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Review of Selected Poems - Elaine Feinstein, the Times28 July 2007
Thomas Kinsella is a long-established poet of a much older generation whose Selected Poems go back to the 1950s. He begins writing with the tune of Yeats's stanza in his ear;Previous review of 'Selected Poems'... Next review of 'Selected Poems'... To the 'Selected Poems' page...
Dread, a grey devourer
Stalks in the shade of love.
In the early books, what is bookish is often best.
We drifted in peace and talked
I opened the Cantos, and chose
the silken kings
Luminous with crisis.
With "Phoenix Park", however, phrases begin to strike home with an individual shock: "You lay still, brilliant with illness, behind glass."
And his autobiographical poems become altogether unsentimental. He remembers being sent to say goodbye to a dying grandmother, looking at a mouth still lined with ill-temper, and failing to kiss the dying woman.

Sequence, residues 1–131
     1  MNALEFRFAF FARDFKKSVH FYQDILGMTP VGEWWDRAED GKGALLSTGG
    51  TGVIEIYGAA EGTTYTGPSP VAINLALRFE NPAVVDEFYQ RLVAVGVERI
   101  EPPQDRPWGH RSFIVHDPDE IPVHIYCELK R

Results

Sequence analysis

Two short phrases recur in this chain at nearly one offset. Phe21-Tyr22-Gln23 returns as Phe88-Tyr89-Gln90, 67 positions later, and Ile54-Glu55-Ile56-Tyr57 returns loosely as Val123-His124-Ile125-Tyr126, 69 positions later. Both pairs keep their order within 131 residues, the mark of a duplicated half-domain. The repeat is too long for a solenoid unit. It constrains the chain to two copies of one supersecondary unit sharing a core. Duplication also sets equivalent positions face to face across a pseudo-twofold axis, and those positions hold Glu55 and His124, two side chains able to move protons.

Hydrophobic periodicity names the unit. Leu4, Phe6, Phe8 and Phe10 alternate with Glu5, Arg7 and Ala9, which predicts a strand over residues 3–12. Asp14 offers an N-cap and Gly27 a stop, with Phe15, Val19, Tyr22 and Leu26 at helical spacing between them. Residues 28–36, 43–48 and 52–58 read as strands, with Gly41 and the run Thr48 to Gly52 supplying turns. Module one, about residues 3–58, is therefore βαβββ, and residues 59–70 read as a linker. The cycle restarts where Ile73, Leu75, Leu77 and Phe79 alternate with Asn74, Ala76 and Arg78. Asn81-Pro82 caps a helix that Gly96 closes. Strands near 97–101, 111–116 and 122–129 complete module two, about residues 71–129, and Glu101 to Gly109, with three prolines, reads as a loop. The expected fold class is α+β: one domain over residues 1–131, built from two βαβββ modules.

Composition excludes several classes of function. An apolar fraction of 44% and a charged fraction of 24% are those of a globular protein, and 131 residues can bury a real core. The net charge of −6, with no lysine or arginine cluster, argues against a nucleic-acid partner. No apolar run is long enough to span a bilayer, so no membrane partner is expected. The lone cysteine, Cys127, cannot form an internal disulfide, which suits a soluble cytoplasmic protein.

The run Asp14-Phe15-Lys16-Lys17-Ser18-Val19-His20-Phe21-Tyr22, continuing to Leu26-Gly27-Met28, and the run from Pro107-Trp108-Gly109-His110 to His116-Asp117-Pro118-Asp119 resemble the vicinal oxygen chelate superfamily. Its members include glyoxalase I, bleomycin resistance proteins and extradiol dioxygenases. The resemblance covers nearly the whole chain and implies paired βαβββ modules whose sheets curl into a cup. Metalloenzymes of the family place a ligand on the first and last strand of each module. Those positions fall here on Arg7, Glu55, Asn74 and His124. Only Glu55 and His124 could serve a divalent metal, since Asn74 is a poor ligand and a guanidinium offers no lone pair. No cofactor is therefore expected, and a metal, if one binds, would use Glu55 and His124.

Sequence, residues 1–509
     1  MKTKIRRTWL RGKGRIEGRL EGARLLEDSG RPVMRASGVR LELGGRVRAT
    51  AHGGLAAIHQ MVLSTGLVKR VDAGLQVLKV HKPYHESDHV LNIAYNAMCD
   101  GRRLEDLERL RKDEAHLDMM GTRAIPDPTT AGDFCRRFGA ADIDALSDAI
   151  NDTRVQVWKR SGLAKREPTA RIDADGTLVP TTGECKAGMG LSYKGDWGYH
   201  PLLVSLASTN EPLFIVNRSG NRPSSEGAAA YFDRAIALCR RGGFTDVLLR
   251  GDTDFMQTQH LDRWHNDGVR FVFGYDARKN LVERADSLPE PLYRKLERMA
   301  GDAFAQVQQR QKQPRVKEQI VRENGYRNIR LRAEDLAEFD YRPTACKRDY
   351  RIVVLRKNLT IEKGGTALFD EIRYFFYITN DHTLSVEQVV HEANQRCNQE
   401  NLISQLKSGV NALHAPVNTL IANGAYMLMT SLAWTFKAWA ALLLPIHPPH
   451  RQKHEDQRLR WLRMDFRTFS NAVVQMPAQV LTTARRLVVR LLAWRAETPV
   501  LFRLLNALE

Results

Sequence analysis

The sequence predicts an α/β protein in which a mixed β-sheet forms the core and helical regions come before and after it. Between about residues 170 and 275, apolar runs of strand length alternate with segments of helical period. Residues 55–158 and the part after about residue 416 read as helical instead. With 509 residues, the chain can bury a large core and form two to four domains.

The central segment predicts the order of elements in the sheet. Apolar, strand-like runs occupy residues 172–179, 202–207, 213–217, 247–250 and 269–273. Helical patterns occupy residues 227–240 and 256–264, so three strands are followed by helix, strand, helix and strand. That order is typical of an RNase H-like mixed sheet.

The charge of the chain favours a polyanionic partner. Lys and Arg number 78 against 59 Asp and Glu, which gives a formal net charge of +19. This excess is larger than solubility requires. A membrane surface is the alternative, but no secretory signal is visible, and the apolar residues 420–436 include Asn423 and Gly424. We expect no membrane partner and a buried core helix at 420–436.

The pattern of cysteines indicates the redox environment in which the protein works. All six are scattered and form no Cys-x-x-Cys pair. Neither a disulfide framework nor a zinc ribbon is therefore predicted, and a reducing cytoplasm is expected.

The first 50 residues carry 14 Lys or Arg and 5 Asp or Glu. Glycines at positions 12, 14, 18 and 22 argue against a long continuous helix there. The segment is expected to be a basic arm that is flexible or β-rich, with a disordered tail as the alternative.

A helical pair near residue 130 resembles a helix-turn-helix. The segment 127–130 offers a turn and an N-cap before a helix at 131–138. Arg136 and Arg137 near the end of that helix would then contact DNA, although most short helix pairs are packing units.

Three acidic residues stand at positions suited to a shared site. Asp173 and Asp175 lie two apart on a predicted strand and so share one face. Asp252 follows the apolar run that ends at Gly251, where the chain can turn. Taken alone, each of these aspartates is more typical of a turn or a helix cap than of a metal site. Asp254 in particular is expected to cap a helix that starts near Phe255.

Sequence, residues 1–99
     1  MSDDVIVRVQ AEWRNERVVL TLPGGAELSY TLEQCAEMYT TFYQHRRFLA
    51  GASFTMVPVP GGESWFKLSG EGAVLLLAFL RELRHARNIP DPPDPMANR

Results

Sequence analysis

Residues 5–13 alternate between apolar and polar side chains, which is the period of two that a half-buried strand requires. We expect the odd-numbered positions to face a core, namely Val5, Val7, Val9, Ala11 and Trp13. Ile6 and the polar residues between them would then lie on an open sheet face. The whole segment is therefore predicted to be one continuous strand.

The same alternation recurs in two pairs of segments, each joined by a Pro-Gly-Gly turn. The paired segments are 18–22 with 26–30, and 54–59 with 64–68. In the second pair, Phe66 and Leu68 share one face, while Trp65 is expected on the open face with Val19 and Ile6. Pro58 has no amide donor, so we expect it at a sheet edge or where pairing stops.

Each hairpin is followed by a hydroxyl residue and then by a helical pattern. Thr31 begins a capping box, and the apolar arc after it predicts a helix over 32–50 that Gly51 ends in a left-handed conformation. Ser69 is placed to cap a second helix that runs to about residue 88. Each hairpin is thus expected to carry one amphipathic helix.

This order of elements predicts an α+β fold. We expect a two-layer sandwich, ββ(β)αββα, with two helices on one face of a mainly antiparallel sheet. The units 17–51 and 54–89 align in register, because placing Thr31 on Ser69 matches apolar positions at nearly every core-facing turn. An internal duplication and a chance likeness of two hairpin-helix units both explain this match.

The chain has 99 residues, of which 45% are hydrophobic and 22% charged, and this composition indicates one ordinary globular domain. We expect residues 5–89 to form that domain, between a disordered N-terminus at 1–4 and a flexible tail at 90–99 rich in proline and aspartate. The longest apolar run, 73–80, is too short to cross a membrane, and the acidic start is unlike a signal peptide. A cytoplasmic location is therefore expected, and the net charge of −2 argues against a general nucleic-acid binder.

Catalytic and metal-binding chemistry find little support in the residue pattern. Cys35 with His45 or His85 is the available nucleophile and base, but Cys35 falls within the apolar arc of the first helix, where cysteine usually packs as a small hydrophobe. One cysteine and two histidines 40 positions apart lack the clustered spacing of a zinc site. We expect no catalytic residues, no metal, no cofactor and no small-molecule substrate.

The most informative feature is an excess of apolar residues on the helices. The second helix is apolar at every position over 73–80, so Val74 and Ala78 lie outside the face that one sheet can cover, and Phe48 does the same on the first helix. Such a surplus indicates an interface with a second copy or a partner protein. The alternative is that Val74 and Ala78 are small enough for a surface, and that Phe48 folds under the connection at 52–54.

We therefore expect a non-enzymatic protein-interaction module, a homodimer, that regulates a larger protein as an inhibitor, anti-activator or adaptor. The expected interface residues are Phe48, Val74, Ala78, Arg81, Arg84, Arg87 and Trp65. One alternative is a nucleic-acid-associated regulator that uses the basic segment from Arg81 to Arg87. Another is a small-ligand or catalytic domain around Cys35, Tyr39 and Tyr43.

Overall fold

In one of the most original of these early poems, a child is seen from the perspective of a battered cuddly animal, and so reminds us of the frightening volatility of human mood swings.
As the book progresses we make out a deep distrust of the human spirit: "The irreducible malice and greed of the species."
His flat propositions are irrefutable.
What is there to understand?
Time punishes - and this the
An Irish nationalist, who has spent mush of his life translating Irish poetry while teaching in the United States, his vision is as uncomfortable as Samuel Beckett's; most of the people in his poems are blown by:
a poverty of spirit in the
a shabby richness in braving it.
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